An ode to The Bard, albeit infused with a local twist
All you Shakespeare fans in the city who thought that The Bard was a part of history, gear up for the Ghost of Shakespeare as it readies to strike this week. Celebrating the birth and death anniversary of the most renowned playwright of English literature, Sir William Shakespeareart and culture Updated: Apr 22, 2013 01:46 IST
All you Shakespeare fans in the city who thought that The Bard was a part of history, gear up for the Ghost of Shakespeare as it readies to strike this week. Celebrating the birth and death anniversary of the most renowned playwright of English literature, Sir William Shakespeare (he is believed to have been born and died on the same date, that is April 23), a group of youngsters from The Arshinagar Project are set to give a unique twist to one of his darkest plays — Macbeth.
Titled Macbeth of the Mountains, the performance (a mix of dance, music and theatre) is the culmination of a two-week long workshop in the forest of Kumaon Hills lead by international theatre artist John Britton. The play has 10 actors from different backgrounds, countries and cultures coming together to interpret Macbeth in their own language and behaviour — be it Finnish, French, Bengali or even Gibberish (a generic lingo with no actual meaning).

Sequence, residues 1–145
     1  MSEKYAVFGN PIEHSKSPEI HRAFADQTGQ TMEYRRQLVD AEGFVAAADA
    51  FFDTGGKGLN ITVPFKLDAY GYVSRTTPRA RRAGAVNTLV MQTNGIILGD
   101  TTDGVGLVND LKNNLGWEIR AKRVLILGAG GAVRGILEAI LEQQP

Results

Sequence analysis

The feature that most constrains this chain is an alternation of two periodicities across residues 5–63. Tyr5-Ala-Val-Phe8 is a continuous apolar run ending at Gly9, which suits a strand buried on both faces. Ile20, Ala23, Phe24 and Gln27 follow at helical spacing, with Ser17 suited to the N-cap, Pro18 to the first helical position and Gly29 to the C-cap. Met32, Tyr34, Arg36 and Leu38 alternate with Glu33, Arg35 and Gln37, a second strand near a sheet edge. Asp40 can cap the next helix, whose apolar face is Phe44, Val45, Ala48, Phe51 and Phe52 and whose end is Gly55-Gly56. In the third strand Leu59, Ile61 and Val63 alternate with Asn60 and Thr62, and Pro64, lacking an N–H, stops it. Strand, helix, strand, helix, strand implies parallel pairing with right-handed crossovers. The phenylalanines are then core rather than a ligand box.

“What we get in the end is a contemporary and universal story of ambition, greed and the results of playing with nature that is firmly rooted in the classic that was Macbeth. What we want to tell people is that the spirit of Shakespeare has lived on. It still lurks around the corner in the things that are happening around us,” says Arka Mukhopadhyay, 33, founder of the Arshinagar Project. The performance will be held in a circular space made of mud instead of an auditorium so that the audience feels as much a part of the story as the actors.
The three-day festival will also include performances at various colleges and schools in the city to re-introduce students to the relevance of Shakespeare in today’s world.
“The stories he wrote 400 years ago are universal. I find his words coming back to me time and again as I go through life,” says Mukhopadhyay, who started the festival last year.
Catch it live
What: Macbeth of the Mountains
When: April 23
Timing: 7pm onwards
Where: Zorba The Buddha, 7, Tropical Drive
Nearest Metro Station: Ghitorni on the Yellow line